OSHA requirements are set by statute, standards and regulations. Our interpretation letters explain these requirements and how they apply to particular circumstances, but they cannot create additional employer obligations. This letter constitutes OSHA's interpretation of the requirements discussed. Note that our enforcement guidance may be affected by changes to OSHA rules. Also, from time to time we update our guidance in response to new information. To keep apprised of such developments, you can consult OSHA's website at https://www.osha.gov.

April 10, 1991

Mr. Duane Barns
DOW Chemical U.S.A.
2020 DOW Center
Midland, Michigan 48674

Dear Mr. Barns:

This is in response to your letter of January 31, to Joe Bode of my staff, concerning the use of work permits for compliance with aspects of the lockout/tagout standard requirements.

As you are aware, 29 CFR 1910.147(c)(4)(i) requires that employers document the procedure by which the hazardous energy of equipment is isolated during servicing/maintenance operations.

During the meetings on the lockout/tagout regulations, discussions were conducted concerning the use of a "generic" procedure for the various types of energy which would be encountered at a facility. The generic procedure would have to be included as a component of the company's lockout/tagout procedure and would additionally require that the company procedure clearly enunciate the further specific requirements for servicing and maintenance "work authorization permits". The company procedure would have to specify that the work permit identify the equipment to be serviced, the types and unique energy characteristics to be encountered, methods for safe work, and the process or procedures to be used to accomplish the task.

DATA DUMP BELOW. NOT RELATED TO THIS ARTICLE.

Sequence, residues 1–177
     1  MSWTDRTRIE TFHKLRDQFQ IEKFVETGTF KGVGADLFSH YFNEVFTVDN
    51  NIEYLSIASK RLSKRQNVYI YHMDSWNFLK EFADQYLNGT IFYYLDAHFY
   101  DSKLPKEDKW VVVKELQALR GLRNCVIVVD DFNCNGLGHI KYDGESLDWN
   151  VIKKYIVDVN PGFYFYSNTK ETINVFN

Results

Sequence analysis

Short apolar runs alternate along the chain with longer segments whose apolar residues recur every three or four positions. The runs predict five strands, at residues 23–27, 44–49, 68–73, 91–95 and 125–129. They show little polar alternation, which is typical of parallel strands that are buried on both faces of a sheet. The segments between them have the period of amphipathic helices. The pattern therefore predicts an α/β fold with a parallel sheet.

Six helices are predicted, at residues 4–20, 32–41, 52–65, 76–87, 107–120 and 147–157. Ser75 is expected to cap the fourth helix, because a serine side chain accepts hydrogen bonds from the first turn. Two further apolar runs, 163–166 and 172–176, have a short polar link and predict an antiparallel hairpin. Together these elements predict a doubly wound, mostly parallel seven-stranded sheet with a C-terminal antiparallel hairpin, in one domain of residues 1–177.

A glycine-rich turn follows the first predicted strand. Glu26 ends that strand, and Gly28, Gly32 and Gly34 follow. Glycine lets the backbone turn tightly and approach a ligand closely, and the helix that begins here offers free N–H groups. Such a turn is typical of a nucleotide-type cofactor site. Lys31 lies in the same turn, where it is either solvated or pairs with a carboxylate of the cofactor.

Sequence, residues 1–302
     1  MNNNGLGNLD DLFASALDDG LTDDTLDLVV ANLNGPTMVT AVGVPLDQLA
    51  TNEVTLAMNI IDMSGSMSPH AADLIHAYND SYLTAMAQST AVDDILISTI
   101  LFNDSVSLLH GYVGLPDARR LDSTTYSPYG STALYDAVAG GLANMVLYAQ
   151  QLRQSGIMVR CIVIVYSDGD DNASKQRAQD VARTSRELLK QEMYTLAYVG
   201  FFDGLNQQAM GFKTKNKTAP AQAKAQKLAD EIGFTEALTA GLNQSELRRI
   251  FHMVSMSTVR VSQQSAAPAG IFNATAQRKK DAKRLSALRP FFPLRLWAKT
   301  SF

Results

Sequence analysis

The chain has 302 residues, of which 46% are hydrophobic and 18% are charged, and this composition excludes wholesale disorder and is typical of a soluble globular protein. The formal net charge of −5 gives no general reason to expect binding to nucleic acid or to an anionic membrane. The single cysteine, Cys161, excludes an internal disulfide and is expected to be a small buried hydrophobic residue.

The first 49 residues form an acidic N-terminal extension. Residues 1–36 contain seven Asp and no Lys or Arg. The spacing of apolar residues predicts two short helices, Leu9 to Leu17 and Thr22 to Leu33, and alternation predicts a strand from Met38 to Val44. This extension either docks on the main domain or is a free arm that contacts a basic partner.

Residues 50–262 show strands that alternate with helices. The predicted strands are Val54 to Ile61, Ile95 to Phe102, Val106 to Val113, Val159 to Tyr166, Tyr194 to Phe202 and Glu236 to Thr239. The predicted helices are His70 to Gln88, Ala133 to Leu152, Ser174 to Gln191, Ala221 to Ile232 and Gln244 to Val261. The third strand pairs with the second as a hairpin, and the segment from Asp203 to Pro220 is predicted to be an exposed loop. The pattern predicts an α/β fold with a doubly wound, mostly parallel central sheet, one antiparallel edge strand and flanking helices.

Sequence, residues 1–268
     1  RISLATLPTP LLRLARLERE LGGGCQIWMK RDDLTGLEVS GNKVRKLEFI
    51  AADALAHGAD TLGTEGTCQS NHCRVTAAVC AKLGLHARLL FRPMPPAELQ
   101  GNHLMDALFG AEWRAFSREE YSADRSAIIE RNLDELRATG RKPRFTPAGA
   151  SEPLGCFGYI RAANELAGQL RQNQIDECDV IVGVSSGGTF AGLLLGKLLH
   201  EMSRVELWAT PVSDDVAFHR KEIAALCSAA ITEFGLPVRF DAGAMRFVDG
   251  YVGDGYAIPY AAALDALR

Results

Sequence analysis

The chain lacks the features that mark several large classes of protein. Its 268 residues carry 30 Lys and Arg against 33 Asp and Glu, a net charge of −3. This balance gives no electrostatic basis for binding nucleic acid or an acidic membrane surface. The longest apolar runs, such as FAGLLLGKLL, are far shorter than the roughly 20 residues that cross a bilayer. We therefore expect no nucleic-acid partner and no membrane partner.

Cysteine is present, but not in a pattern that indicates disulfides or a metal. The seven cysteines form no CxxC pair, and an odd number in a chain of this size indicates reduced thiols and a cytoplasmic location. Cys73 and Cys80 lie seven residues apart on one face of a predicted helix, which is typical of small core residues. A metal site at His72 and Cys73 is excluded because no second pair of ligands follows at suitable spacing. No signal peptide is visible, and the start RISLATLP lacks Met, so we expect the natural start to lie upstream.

It was recognized during the earlier discussions that the comprehensive use of a work permit system would be more efficient and relevant to the tasks than would be a "cookbook" type procedure which might not fully account for a specific situation as it had occurred. It was recognized that at the time of servicing and maintenance the operations engineers and personnel are in the logical position to identify the tasks and the energy related hazards which would be encountered during maintenance operations and could best document a safe procedure for the tasks. The company procedure must, however, specify that the employees are required to perform their work in accordance with the terms and limitations of the work permit.

It should be noted that the effective use of a work permit system is compatible primarily with an industrial operation where sufficient engineering and administrative support is available. A company procedure which mandates that "generic" procedures are to be augmented with specific operational procedures as part of a required work permit system provides for compliance with the standard.

Thank you for your interest in workplace safety.


Patricia K. Clark, Director
Directorate of Compliance Programs